Wednesday, May 10, 2017

Shock Wave is designed to shock and awe, and does so! (film review)

You'll likely think of, and view, the Cross Harbour Tunnel
in a different light post viewing Shock Wave...

Shock Wave (Hong Kong-Mainland China, 2017) 
- Herman Yau, director and co-scriptwriter (along with Erica Li)
- Starring: Andy Lau, Jiang Wu, Song Jia, Philip Keung 

Eight days after Herman Yau's 77 Heartbreaks and three days after the prolific Hong Kong filmmaker's The Sleep Curse screened at this year's Hong Kong International Film Festival, his third directorial outing of 2017 -- and third collaboration of the year with scriptwriter Erica Li, as it so happens -- opened in local cinemas.  When pondering why Shock Wave was not selected to appear in the fest along with those two other movies, I considered the possibility that the fest programmers had thought its quality was lower than the films that had made the cut.  

But after viewing this dynamite blockbuster, I'm inclined to believe that the reasoning behind this decision was more along the lines of the HKIFF programmers thinking that it was a mainstream crowdpleaser that would have no problem finding audiences at the multiplex (unlike the more niche likes of the Category III-rated The Sleep Curse).  For there surely is no way that anyone would consider Shock Wave to be a lesser work than the director's two other 2017 offerings.  And for the record: I also think this crime action-thriller is better than Nessun Dorma and at least on par with The Mobfathers, the two Herman Yau films that premiered at last year's Hong Kong International Film Festival!

Produced by and starring entertainment mega-luminary Andy Lau, Shock Wave tells the story of an Explosive Ordnance Disposal Bureau (EOD) legend who makes a deadly enemy of a Mainland Chinese master criminal after the latter's kid brother is nabbed in a police operation that involved the protagonist going undercover to infiltrate the gang (and, in Peng Hong's eyes, betray them).  Superintendent Cheung (Andy Lau) regularly faces far more danger while doing his job than most other cops.  But he -- and, indeed, the entire Hong Kong police force -- are tested like never before after the vengeful Peng Hong (Jiang Wu) plots to have his brother (Wang Ziji) freed by way of an ambitious operation that involves blocking the Cross Harbour Tunnel and possibly even blowing it up.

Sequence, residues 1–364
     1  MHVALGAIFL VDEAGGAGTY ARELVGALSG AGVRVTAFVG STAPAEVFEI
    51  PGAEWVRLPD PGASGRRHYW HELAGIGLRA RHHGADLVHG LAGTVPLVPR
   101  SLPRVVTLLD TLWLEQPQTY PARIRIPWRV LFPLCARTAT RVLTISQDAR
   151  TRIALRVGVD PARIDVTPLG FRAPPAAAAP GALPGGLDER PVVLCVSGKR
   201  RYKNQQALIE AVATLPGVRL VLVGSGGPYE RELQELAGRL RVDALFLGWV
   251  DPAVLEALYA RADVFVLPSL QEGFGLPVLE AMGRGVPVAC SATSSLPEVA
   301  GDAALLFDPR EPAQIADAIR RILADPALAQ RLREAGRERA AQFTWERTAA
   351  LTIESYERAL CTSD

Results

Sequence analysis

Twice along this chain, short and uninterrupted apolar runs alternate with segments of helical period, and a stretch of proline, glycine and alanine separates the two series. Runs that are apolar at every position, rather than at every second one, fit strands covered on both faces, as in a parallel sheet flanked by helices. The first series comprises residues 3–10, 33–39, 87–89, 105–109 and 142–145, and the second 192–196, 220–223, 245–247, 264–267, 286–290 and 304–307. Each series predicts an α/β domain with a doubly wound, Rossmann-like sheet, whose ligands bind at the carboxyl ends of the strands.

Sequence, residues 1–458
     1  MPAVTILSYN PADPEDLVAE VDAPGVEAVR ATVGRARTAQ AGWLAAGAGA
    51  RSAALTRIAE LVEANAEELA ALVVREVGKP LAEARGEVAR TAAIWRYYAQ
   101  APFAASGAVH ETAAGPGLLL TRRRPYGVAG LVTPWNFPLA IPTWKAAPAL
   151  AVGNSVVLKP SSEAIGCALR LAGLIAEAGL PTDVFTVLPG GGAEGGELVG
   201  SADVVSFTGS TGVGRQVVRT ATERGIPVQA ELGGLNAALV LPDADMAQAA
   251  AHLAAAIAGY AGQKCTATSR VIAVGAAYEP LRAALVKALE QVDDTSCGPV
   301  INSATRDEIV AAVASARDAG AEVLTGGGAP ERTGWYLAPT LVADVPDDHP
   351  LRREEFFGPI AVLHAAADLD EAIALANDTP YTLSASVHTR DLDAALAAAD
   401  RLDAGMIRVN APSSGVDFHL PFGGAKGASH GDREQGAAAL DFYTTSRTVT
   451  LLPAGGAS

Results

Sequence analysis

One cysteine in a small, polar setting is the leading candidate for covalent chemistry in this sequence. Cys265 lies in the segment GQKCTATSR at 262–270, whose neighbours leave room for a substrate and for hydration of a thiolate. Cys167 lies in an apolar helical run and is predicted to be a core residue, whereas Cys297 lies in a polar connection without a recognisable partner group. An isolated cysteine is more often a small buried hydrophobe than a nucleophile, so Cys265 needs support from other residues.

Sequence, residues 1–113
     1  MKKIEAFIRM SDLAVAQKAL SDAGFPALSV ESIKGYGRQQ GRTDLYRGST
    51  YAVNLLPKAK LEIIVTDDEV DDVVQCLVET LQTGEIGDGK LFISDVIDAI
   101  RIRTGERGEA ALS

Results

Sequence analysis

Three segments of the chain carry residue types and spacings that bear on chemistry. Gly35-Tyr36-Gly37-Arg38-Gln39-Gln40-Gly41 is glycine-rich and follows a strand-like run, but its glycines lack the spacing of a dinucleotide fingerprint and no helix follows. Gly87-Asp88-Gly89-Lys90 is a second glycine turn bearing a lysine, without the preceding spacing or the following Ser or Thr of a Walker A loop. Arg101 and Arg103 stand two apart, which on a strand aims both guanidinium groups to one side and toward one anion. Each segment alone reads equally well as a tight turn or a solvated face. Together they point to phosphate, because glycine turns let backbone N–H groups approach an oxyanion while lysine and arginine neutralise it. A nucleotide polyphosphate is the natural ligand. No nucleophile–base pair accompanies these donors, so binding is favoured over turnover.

There's little doubting that Shock Wave is first and foremost intended to shock and awe in an entertaining way.  This it does in spades, aided by having some absolutely stunning action scenes (directed by Dion Lam, with car stunts supervised by Thomson Ng) and also impressive set design (courtesy of art director Eric Lam and his team) that included producing a very realistic mock-up of the Cross Harbour Tunnel (which I only knew was not the real McCoy because there is no way that the world's busiest underwater thoroughfare could be shut down for the amount of time that it'd be needed to shoot the film's Cross Harbour Tunnel scenes!).  

But it's also interesting to reflect on some of the thinking behind certain story choices.  For example, at a time when the Hong Kong police are no longer automatically regarded as sympathetic heroes, Herman Yau and Andy Lau have chosen -- and managed -- to make a film where few people will have problems or trouble rooting, and even caring, for certain members of the local constabulary, if not the Hong Kong police as a whole.  And this feat is all the more amazing in view of there not having been that much time to get to really know certain individuals -- such as the dedicated Regional Crime Unit chief inspector (portrayed by Philip Keung) who often works closely with Superintendent Cheung and the young police officer (essayed by Babyjohn Choi) who is able to do his duty even when obviously terrified as well as in grave danger -- on account of this movie being super heavy on the explosive action.

It's intriguing too that the villains of the piece are precisely the kind of people that many Hong Kongers are inclined to not think all that well of: namely, Mainland Chinese individuals seeking to enrich themselves at the expense of Hong Kongers along with obviously non-ethnic Chinese mercenaries (who Peng Hong had enlisted to take part in his ultra-ambitious revenge operation), and the kind of slimy local businessman who is as financially wealthy as he is morally bankrupt.  I guess this all particularly stood out for me since, in pretty stark contrast, the regular Hong Kong folks -- not just its constabulary -- come across as filled with humanity, including the nice tour guide (played by Louis Cheung) who actually cared about the people he'd been entrusted with showing around his fair city! 
Nonetheless, there are certain expected filmic concessions to be made on account of Shock Wave being a Hong Kong-Mainland Chinese co-production: including the obligatory Mainland Chinese female lead since the movie's male lead is from Hong Kong.  About the best thing I can say about Song Jia is that she does exhibit some chemistry with Andy Lau when playing his character's (Canadian Chinese) girlfriend.  At the same time, I wish those who had dubbed her, Jiang Wu and Wang Ziji into Cantonese had worked made it less obvious that we were not hearing their real voices; and it's hoped that those who dubbed Andy Lau and his Cantonese-speaking cohorts for the Putonghua version of the the movie did a better job.   
My rating for this film: 7.5

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